Farmer Harmer was nowhere to be seen--he was, according to one copper, 'sitting pulling his hair out at the prospect of a Newbury on his farm'. The tractor had cross-ploughed lots of the downland, but a substantial amount had only had the turf turned over. We set about the long task of 'unploughing'--burying our hands in the earth and turning the turf. Working so closely with it, we noticed for the first time how species rich and intricate the downland flora really was. This was an amazing experience, foot by arduous foot we saw what had been desolation green over. As Barry Lopez puts it: 'I know of no restorative of heart, body, and soul more effective against hopelessness than the restoration of the Earth. Like childbirth, like the giving and receiving of gifts, like the passion and gesture of the various forms of human love, it is holy.' 1 Meanwhile in the artificial world it was the run up to the election. Tony Blair came to Brighton and was asked if he was against the destruction of the Offham SSSI. He replied, (and I paraphrase), "I've always been against the destruction at Offham. I don't know what the fuck it is-- but vote for me!". His statement was faxed to the local Tory MP's, the Environment Minister and his shadows. Suddenly politicians were falling over each other to be the most committed to 'defending Offham'. One local Tory MP, who helped draft the Criminal Justice Act--the legislation under which one activist was cautioned at Offham--pronounced, 'I support the Un-ploughers'.
In a last minute attempt to help out the beleaguered local Tories' re-election chances, and to further his own career, the Environment Minister put a Protection Order on Offham--one of only six in the last 5 years. This forbade Harmer from doing any more work. In a vain publicity stunt, Harmer even came up and turned some turf--until the cameras went away.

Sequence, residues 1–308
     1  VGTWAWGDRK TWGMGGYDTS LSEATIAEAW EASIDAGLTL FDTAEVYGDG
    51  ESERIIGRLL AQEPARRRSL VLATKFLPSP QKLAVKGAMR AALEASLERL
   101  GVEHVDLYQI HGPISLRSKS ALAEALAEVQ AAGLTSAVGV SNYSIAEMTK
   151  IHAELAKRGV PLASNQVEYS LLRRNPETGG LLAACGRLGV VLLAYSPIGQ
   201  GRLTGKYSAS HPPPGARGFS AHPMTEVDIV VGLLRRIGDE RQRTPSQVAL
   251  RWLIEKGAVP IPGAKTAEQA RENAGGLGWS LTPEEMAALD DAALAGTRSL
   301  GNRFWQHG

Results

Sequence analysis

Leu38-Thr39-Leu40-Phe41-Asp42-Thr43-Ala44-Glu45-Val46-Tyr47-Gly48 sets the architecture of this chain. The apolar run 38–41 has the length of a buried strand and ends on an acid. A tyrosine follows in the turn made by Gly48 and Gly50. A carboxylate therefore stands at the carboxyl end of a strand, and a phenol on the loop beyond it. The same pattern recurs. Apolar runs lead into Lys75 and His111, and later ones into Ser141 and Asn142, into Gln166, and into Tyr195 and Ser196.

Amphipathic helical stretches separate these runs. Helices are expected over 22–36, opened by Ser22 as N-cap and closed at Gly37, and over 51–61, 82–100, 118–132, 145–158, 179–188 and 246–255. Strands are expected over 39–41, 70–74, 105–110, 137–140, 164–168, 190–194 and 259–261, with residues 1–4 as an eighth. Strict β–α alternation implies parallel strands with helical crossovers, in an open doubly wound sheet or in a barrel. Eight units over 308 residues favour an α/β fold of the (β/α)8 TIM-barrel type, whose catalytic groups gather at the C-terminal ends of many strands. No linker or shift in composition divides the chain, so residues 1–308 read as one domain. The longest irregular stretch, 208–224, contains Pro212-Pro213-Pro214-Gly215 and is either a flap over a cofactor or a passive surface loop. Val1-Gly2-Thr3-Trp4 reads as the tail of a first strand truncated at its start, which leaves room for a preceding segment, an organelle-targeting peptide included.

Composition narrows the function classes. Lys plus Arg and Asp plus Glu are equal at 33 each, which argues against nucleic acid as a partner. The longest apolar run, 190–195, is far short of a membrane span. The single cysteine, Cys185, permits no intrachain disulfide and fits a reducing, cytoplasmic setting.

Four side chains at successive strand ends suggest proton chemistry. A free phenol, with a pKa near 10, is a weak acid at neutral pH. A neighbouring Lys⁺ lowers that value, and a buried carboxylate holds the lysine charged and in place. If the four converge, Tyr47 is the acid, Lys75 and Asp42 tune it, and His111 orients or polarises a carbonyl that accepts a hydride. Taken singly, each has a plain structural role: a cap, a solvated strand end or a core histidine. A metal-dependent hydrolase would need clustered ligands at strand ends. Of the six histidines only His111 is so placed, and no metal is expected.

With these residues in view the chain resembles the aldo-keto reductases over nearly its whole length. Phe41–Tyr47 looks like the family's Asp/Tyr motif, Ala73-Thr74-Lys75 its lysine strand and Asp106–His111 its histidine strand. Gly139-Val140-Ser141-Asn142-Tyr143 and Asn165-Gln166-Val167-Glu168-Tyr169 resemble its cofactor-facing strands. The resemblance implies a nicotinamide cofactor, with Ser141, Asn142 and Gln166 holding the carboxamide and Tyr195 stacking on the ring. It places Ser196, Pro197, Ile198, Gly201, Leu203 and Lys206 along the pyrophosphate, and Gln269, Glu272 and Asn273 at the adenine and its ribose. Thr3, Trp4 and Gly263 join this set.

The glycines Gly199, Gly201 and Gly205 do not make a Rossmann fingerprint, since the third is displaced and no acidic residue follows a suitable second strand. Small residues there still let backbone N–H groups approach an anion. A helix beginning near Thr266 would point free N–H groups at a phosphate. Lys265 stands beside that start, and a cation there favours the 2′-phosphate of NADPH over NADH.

Taking on farmers is a lot easier than taking on road building. Though the land being defended was much smaller than a road site, the success at Offham has had a knock on effect. Once one farmer successfully scams something, others copy. Brighton FoE were expecting a whole' pile of applications by other farmers, ready to dig up downland. Yet, at the time of writing, no others have been submitted.
Even the local National Farmers Union branch was pressuring Harmer to back down. They were worried that "this might be the Twyford Down of Agriculture"--eg. the opening salvo on a 'new front'. Maybe it will be.
In fact, 'since 1945 the UK has lost 30% of its rough grazing land, 65% of song thrushes, 90% of meadows, 50% of lowland woodlands, heaths and fens and 140,000 miles of hedgerow.'3
Maybe a coming together of 'The Land is Ours' and anti-genetics campaigns could be the catalyst for this 'new front'. We spent nine gorgeous days at Offham. We saw adders two or three times a day, and once even a deer! Living there and defending the land re-inspired us. If you ever walk the South Downs Way (which crosses Offham), and you come across a beautifully vibrant valley just north of Lewes, kiss the earth and shout to the four winds--"Direct Action Works!".
The second battle was won too.